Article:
If you've been having trouble with your indoor plants and their leaves are turning yellow, don’t worry - you're not alone. This is a common problem that a lot of people face, and there are many reasons why this might be happening. If you are trying to find ways to fix the issue, we're here to help! In this blog post, we will discuss some of the more common reasons why leaves turn yellow and how to fix the problem.
Causes of Yellow Leaves
A Lack of Nutrients
One of the most common reasons for yellow leaves is a lack of nutrients. If your plant isn't getting enough nutrients, then its leaves will start to turn yellow. This is usually due to a lack of sunlight or plant food. Make sure that you're giving your plant enough sunlight and plant food every few times you water it - if you're not sure how much it needs, check the instructions that came with it as you should only be feeding your plants during growing seasons (overfeeding in dormant seasons will burn the leaves also!). You can also add some fertilizer to help give it an extra boost.
Although water is vital for a plant’s survival, too much moisture can lead to root rot, which can cause leaves to turn yellow. Make sure you are only watering your plants when the top couple inches of soil are dry to avoid overwatering. Generally, plants can handle a lack of water better than an excess of it.
Similarly, underwatering your plant could be another reason why its leaves are turning yellow. If you stick your finger into the soil up to your knuckles and find that it is dry deeper down, it’s time to give it water. You might want to change up your watering schedule to give it water more often too.
Pests or Diseases
Another reason why leaves might turn yellow is because of pests or diseases. If you see any insects on your plant, or if the leaves are starting to look diseased, then this could be the problem. Treating pests or diseases should solve the issue.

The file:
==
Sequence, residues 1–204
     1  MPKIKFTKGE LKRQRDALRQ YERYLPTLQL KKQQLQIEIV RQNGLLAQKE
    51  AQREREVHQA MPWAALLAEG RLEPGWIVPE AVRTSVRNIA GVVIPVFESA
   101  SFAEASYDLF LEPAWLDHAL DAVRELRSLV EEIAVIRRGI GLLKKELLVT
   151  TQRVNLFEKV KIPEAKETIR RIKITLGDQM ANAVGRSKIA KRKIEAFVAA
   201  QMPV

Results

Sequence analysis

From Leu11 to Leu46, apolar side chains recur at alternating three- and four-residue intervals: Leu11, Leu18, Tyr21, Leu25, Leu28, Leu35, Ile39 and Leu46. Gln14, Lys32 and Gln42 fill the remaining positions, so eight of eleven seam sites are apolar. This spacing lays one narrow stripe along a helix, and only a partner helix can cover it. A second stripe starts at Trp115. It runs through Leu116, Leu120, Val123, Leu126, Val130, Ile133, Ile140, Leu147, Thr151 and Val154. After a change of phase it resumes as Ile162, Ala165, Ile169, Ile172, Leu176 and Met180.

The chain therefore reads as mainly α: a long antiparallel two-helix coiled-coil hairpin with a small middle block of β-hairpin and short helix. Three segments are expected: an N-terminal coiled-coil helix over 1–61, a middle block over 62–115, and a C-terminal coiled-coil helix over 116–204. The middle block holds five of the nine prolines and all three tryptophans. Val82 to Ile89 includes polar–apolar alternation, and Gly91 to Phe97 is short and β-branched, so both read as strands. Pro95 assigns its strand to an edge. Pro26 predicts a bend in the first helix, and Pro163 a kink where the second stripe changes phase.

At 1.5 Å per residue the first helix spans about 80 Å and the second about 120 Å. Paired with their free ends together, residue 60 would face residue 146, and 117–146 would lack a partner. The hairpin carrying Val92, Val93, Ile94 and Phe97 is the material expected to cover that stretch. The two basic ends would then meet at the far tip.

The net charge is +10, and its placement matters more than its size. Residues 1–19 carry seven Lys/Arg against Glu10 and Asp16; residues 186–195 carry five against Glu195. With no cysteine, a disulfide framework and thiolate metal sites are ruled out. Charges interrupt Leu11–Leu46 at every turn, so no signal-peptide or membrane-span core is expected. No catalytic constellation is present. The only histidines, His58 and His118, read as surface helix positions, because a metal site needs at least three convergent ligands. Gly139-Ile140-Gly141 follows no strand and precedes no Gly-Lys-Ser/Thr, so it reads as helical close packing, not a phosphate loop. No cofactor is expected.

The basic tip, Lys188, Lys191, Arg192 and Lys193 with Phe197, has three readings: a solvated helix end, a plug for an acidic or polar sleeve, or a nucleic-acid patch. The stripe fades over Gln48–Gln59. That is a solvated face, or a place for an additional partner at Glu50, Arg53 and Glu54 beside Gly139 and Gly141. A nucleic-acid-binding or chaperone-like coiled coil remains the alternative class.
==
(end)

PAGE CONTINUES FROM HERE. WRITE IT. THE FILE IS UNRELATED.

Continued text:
The Wrong Temperature
Another common reason why indoor plant leaves turn yellow is that it is too cold. Most plants thrive in a more tropical climate, and where you put your plants that are sensitive to temperature could make a massive difference. Avoid placing a tropical plant nearby a door or window that is not well insulated. Instead, think about putting them in the most humid areas in your house like the bathroom, laundry, kitchen, or somewhere that is temperature controlled like the bedroom.
Compact roots could lead to the root system becoming inefficient at delivering nutrients around the plant. Without the ability to transport these essential nutrients, your plant’s leaves might start to turn yellow. To check for compact roots, gently work your plant out of its pot with clean hands. If the roots are rotten, they will have a foul smell, and it might be time to consider getting a new plant baby. If they are too compact, you can work them loose gently and prune them. If they are a whitish yellow colour and relatively loose, it means they are healthy, and the leaves are turning yellow for a different reason.
If you're still having trouble with your indoor plants, then don't hesitate to contact a team member at Plant Addicts Anonymous on 0414 345 901. We would be happy to help determine what the issue is and give you some solutions for how to get your plant back to its healthiest.
We hope this blog post has been helpful! If you have any questions or comments, please feel free to leave them below. Happy planting!